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SILAS WRIGHT BURT
American politician
(1830 - 1912)

It is difficult to estimate the cost of a great presidential campaign. There is no doubt but what it might be measured by millions of dollars, apart from the loss involved in the general destruction of business. It has been said that frequent elections have their value in keeping alive public interest in public affairs, and in educating the people upon the great questions that are to be solved. But when we recollect that a great part of the expenses of the campaign are spent in badges, torchlight processions and other appeals to the imagination and sensation rather than to reason, it seems probable that a very large part of this expenditure is practically valueless, so far as the education of the people is concerned, and is really spent to pervert their intelligence.
      - [Election Day]

Parties are an essential part of representative governments, and can be effective only by organization; but when organization degenerates into a brutal machinery that stifles intelligence and true patriotism, the republic is moribund. As the perfunctory and bigoted exercise of the suffrage has gradually extinguished much of the manhood of American citizenship, so the restoration of intelligence, conscience and individual independence in this prime duty will be the sole effective means of curing many existing evils and preventing others that might be equally dangerous.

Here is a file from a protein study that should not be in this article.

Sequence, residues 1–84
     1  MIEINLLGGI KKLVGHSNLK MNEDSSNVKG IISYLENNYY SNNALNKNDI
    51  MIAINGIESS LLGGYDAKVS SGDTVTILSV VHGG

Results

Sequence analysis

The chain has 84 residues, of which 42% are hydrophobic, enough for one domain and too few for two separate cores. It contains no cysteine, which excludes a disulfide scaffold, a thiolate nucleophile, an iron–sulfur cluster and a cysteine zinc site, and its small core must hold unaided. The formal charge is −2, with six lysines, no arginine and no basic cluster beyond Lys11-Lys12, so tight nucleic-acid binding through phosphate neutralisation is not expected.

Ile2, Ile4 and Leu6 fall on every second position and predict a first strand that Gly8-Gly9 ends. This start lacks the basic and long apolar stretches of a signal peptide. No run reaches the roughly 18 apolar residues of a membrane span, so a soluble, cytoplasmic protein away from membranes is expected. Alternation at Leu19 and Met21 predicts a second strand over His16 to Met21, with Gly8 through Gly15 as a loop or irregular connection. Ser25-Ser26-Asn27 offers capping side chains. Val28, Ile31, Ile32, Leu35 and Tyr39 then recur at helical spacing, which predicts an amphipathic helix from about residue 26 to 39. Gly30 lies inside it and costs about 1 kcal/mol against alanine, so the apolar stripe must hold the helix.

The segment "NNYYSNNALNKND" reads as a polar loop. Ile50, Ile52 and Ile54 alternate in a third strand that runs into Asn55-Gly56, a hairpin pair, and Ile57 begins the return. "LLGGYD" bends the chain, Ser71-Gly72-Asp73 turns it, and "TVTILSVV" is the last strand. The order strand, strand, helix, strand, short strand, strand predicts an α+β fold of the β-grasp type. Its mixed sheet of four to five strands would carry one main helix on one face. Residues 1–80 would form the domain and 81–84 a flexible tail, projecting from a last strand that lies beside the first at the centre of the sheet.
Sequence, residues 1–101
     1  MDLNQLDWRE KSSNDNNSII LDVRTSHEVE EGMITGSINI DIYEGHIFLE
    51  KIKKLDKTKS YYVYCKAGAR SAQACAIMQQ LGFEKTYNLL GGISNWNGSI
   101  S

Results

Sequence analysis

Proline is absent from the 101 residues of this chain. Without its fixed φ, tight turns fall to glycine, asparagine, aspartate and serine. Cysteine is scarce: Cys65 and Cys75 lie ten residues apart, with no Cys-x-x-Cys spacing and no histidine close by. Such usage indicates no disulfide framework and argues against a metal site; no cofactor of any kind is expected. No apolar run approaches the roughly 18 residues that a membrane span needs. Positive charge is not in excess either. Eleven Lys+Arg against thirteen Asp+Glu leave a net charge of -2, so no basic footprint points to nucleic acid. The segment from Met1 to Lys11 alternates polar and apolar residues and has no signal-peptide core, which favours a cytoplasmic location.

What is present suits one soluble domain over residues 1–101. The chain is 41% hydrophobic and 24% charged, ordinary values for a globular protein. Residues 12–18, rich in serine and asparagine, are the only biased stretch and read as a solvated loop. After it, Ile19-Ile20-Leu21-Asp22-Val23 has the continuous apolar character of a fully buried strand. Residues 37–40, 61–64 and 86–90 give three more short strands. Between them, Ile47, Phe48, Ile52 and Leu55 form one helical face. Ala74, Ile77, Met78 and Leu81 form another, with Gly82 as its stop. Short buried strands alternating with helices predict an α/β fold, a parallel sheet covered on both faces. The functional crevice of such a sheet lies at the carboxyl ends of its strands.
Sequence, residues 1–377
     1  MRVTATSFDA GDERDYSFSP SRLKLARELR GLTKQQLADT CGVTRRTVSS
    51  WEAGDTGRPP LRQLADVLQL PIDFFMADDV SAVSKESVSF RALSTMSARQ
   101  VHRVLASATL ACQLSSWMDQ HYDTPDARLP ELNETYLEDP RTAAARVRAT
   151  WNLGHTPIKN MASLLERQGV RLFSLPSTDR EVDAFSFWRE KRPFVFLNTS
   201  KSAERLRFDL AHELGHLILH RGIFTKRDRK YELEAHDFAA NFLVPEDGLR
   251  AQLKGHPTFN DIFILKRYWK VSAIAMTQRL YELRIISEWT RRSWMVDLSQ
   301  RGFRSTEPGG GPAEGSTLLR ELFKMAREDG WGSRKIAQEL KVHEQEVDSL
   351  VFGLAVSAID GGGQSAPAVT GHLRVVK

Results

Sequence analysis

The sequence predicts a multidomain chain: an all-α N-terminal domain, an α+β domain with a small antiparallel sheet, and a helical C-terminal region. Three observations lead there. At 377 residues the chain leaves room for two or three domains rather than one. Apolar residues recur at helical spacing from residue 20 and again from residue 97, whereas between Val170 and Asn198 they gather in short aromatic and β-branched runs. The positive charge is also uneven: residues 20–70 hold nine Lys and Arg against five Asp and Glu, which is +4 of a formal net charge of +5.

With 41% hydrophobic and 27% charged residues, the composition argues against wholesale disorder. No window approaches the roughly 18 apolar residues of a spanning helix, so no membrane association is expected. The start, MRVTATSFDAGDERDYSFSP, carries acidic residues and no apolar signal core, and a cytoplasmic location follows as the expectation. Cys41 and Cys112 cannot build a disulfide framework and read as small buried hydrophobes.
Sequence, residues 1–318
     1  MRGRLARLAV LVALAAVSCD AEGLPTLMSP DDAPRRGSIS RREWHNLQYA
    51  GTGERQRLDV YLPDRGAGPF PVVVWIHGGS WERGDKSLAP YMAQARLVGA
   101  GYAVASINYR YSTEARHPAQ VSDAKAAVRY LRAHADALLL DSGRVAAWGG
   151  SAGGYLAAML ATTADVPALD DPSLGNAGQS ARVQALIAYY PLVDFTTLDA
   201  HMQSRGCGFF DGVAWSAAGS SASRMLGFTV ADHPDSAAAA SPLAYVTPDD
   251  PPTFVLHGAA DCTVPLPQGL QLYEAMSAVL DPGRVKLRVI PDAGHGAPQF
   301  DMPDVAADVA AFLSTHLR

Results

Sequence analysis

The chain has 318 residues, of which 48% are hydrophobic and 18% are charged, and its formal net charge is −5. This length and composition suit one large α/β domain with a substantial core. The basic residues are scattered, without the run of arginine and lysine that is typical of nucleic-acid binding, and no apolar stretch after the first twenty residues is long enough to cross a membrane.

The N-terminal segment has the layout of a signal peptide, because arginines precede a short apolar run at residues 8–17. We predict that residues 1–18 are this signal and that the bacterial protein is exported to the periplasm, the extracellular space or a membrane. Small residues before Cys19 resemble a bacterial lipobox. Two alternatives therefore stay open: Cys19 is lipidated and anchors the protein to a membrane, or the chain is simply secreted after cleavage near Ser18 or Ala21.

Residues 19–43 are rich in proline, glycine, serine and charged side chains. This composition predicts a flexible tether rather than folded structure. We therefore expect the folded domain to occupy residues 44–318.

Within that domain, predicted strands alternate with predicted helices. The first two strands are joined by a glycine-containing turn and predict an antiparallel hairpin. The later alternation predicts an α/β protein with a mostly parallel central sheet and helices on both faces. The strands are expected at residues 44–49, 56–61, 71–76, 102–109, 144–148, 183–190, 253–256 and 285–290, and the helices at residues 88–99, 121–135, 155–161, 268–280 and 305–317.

- [Election Day]

The large use of money, both before and after election, in the political campaigns of the present day, is a phase of modern public life that represents one of the great changes in our political methods since our forefathers established and practiced the principles laid down in the constitution. The constitution, as we know, was based on the pure democratic idea of government, in which all power and initiative should proceed from the people themselves. Gradually we have substituted for this, which we might call a spontaneous expression of the people, a mechanism by which, instead of the people's instructing their delegates, the presumption is that the delegates are going to instruct the people. In other words, we have absolutely inverted the original idea that lay at the basis of our political fabric.
      - [Election Day]


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